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Bulls vs Raptors: GameDay Preview - Dinos Look for Back-to-Back Wins Against Chicago

While the Raptors take on the Bulls tonight, Adam Francis ponders a bigger event, the one regarding the future of Bryan Colangelo and his staff come season's end...

Jonathan Daniel

Yesterday one of my favourite writers in the Raptors' media circle, Tim Chisholm, penned some early thoughts on the direction of the Toronto Raptors' franchise.

If you haven't read it yet, please do, as it's a very apt summary of the current situation the team finds itself in.

One of my favourite portions was this succinct summation of the club's not so rosy upside:

This was supposed to be a breakthrough year for the Raptors. They were supposed to make a serious push for the eighth seed in the Playoffs. Instead they have a winning percentage (.385) that is barely above what last year's piecemeal rebuilding roster (.348) managed. Their defensive efficiency, the part of their game that was supposed to anchor their ascension, went from 12th last year to 22nd this year, despite the importation of what was thought to be several superior defensive cogs. Worse still, the team's payroll has ballooned so tremendously over the last nine months that the club has next to no financial flexibility left to improve with. They are basically capped-out as a tenth-seed with zero All-Stars on the roster and no draft pick this coming June. It's hard to find a lot of room for optimism in that scenario.

Of course it's not quite as dire as that.

As Chisholm notes, there's significant upside in their rookies, especially Jonas Valanciunas, who looks like a future stud, and various other options at the club's disposal like the amnesty clause, all available.

But the bottom line is that even with these rays of light, it's hard to see a huge jump in improvement from the club. After all, again as Chisholm points out, this club certainly has more talent than last year's bunch, and yet has only been percentage points better in terms of record, and much worse defensively. (And post-Rudy Gay, barely better offensively.)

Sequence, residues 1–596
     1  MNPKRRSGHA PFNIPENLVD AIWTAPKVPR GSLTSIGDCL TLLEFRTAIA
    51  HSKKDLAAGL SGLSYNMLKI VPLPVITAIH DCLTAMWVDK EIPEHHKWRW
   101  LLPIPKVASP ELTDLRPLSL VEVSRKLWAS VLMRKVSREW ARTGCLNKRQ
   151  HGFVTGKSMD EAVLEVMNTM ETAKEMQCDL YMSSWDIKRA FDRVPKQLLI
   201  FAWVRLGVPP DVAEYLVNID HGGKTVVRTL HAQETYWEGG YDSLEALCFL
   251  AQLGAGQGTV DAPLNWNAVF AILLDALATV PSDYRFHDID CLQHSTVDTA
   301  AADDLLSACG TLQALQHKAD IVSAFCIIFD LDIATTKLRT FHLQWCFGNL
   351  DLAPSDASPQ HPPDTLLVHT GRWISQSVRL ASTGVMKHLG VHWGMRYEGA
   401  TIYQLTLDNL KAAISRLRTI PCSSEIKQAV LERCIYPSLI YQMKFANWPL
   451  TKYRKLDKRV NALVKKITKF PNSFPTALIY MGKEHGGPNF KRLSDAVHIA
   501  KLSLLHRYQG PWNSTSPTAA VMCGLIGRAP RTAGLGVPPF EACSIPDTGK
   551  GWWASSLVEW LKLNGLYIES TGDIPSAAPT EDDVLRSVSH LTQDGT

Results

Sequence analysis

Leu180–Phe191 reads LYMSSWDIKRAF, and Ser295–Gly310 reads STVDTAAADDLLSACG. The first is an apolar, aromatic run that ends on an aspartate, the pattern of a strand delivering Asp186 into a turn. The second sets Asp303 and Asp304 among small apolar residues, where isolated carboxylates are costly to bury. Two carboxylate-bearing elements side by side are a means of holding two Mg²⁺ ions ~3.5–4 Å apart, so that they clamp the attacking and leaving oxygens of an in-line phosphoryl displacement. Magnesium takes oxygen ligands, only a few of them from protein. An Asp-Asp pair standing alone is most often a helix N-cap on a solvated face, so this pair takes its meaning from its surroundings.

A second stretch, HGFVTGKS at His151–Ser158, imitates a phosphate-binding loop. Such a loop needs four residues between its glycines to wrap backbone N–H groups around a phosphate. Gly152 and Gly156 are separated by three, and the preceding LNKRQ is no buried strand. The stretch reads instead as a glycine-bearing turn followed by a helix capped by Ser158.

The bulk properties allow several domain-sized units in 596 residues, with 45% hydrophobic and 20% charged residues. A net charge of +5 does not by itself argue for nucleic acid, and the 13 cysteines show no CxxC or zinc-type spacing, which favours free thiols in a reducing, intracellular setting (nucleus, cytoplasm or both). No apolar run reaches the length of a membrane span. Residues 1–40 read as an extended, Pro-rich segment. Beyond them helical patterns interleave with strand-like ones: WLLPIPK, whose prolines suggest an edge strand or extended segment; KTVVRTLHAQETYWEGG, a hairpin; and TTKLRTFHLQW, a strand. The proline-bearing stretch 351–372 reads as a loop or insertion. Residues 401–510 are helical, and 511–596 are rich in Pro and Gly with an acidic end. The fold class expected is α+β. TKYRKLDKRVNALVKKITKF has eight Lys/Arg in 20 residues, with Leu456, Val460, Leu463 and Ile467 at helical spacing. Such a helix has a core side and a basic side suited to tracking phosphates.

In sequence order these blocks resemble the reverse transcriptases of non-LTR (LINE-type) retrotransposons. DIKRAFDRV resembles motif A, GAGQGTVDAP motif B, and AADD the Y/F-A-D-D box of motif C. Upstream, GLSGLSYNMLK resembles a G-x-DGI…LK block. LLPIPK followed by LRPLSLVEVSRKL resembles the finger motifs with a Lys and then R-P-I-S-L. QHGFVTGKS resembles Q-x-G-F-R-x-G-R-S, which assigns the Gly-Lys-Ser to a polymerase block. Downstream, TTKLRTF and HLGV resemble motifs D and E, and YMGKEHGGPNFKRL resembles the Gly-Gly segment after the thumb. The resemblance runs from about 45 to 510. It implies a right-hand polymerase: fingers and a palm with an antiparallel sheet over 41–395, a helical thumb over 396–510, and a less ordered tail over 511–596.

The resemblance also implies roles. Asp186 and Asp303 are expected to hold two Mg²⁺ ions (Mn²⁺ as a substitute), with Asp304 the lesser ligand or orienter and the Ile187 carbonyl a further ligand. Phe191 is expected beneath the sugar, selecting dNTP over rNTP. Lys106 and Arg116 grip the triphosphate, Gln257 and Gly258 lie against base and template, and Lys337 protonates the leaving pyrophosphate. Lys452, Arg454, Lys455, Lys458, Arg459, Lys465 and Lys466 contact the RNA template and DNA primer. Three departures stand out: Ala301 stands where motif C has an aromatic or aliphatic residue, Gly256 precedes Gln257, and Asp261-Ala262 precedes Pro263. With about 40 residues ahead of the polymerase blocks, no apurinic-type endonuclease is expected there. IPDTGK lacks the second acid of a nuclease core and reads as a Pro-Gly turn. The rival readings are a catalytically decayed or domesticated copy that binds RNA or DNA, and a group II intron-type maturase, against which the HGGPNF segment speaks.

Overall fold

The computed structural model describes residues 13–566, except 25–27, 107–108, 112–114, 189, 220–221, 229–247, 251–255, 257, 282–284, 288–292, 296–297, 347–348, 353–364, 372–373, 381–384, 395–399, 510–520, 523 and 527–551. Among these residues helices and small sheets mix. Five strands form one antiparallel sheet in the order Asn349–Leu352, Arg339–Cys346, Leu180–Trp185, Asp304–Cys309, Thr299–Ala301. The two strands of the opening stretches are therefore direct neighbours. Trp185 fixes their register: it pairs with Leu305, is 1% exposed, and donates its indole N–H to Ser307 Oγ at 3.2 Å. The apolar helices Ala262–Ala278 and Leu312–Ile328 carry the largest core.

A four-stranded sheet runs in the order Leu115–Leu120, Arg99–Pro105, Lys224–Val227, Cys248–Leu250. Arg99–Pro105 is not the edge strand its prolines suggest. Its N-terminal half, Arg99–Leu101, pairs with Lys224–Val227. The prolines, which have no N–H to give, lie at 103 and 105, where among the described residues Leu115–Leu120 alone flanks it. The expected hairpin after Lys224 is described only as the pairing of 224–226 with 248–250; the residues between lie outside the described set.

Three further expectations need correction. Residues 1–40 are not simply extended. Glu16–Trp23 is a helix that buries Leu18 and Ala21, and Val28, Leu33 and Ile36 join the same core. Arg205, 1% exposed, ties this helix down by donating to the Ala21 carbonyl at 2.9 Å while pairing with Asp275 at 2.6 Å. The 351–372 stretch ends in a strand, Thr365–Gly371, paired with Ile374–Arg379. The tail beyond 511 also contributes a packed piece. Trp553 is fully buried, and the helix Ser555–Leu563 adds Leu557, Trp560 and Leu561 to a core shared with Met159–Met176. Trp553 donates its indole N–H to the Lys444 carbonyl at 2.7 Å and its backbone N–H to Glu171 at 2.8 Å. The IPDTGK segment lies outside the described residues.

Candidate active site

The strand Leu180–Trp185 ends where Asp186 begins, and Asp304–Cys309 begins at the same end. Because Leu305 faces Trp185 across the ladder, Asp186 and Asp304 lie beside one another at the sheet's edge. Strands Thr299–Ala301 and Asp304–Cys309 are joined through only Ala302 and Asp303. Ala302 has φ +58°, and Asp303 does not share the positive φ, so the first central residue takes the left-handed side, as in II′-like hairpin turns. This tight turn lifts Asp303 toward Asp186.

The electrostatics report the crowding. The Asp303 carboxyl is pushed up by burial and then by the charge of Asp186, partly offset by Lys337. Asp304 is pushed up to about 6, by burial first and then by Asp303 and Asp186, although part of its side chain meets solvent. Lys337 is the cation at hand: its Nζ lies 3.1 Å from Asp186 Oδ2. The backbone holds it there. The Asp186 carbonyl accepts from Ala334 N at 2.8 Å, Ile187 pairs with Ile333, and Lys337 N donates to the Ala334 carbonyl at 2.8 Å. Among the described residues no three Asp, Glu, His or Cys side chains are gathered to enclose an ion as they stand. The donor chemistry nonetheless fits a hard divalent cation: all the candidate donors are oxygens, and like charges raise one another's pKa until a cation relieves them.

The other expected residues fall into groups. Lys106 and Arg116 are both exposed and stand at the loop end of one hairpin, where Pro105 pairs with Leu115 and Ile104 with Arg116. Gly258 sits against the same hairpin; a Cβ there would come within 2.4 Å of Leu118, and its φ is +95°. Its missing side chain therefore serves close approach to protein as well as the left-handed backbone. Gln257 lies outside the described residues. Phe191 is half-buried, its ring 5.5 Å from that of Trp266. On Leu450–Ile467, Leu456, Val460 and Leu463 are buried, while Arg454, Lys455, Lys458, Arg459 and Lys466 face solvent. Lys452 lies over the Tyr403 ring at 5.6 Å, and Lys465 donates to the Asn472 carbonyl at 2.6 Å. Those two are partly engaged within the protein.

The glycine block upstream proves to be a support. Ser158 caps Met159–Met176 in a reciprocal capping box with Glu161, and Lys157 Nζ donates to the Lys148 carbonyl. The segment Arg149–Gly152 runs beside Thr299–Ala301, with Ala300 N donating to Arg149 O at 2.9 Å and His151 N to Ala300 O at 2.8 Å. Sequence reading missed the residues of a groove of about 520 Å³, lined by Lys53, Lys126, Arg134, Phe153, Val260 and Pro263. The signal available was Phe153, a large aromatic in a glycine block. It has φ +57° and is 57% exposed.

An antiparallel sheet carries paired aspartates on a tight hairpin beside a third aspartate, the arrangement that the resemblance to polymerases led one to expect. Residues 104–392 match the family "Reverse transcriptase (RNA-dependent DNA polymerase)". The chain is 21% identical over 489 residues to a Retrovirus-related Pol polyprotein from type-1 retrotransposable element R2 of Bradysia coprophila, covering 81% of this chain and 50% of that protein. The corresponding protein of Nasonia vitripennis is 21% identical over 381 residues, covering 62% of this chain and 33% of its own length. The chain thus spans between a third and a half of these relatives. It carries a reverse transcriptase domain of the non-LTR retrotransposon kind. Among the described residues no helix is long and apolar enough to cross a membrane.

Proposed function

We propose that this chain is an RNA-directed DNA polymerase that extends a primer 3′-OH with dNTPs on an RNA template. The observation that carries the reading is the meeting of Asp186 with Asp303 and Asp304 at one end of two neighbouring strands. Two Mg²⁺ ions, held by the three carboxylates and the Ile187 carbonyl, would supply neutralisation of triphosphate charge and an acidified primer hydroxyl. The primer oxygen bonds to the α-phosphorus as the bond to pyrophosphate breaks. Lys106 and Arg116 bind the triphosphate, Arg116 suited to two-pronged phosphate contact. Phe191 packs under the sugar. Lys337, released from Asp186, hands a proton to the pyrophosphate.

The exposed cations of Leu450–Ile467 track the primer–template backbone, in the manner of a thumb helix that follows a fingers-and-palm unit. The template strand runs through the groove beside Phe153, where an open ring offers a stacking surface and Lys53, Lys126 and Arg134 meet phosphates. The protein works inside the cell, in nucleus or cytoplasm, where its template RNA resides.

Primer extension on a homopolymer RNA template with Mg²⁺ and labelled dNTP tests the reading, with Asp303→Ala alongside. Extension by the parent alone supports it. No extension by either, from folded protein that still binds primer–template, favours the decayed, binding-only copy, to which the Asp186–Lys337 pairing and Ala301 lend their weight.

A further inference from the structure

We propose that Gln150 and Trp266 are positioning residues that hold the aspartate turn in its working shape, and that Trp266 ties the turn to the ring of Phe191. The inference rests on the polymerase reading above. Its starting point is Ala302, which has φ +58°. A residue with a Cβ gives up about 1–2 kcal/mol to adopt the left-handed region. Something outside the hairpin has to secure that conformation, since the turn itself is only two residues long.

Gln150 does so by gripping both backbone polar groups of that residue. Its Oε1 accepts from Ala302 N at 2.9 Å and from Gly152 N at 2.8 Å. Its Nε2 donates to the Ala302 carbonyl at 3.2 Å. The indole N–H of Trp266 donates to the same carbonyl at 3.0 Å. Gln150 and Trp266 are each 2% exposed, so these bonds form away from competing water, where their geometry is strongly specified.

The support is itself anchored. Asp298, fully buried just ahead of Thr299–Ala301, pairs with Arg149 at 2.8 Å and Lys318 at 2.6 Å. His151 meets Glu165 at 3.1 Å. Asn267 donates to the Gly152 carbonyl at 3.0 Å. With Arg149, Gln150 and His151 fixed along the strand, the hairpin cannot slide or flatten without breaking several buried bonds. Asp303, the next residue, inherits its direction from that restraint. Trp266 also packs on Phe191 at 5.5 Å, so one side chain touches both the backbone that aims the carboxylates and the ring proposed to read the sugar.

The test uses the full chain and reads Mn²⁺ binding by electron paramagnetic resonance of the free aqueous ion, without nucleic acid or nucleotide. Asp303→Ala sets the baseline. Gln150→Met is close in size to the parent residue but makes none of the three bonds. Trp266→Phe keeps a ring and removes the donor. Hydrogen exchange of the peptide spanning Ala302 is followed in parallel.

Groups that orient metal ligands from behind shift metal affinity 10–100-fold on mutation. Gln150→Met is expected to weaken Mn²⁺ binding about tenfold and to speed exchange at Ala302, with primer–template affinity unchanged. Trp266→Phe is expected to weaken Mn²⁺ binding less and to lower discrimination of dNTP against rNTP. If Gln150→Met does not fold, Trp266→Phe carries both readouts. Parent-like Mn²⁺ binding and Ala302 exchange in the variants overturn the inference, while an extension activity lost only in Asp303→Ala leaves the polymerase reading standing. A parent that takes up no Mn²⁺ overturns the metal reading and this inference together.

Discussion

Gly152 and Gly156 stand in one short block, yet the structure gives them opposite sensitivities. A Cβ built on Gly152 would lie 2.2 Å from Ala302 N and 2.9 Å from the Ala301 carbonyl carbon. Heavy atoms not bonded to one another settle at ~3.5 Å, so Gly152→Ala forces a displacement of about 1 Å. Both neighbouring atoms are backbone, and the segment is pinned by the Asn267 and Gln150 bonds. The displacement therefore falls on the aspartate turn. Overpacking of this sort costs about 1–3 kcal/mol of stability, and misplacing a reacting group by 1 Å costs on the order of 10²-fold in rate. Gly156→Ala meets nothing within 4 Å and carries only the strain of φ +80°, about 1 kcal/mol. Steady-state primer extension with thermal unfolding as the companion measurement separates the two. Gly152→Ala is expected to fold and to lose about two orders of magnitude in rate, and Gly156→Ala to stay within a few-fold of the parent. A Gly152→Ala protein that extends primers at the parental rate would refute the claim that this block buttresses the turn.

The question Chisholm ponders is one we've all been examining for quite some time here at the HQ:

"At what point does patience become delusion?"

Bryan Colangelo has preached patience for about five years on both micro (Andrea Bargnani) and macro levels (the infamous "we're not that far off" speeches during the Hedo Turkoglu era), and at some point it's time to say enough is enough.

Is that time now?

As the Raptors face the Chicago Bulls tonight for the second time in a row and continue to close out their disappointing 2012-13 campaign, it's a question we'll continue to examine. It's easy to say yes, time's up for BC based on his body of work (hardly an invigorating one), but the replacement has to be an improvement. As maligned as Colangelo's recent tenure has been, it's quite possible that MLSE brings in a managerial crew that then turns the Raptors into the Bobcats.

It's a bit like the Toronto housing market.

After buying your first property and seeing it rise in value, one may want to sell to reap the benefits of said rise in value.

One problem. Unless you're moving outside of Toronto, the next property you purchase will most likely eat into the vast majority of the profit you just made.

So it's easy to say "yep, let's sell," when you fail to consider the second part of the equation, purchasing your next accommodation.

And herein lies the issue for Raptors' fans.

Do you stick with the devil you know, or opt to start fresh, which could mean yet another complete rebuild and potentially another two or more seasons of playoffless basketball?

I think we all know my take on the matter and once the season ends, it's one I'll be penning at least a couple articles on, but for now, I wanted to simply put Chisholm's piece front and center as something for fans/readers to ponder as we cap this season off.

Yelling "fire BC" is the easy part.

The hard part is what comes after that as Toronto's next GM could just as easily be the next Rob Babcock as the next Sam Presti.